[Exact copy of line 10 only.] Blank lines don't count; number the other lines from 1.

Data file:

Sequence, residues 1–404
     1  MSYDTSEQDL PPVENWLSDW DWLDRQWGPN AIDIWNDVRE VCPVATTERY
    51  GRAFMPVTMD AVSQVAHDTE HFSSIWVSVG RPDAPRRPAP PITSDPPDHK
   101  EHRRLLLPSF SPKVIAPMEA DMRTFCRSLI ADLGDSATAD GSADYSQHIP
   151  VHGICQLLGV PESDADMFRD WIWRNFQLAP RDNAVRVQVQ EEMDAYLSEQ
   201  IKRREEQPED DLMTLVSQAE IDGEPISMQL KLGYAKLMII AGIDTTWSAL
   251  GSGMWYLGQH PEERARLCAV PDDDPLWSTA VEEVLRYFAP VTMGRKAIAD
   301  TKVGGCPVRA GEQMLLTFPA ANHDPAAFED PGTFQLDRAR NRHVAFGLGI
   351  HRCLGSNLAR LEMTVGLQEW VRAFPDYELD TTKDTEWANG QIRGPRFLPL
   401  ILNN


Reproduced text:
   401  ILNN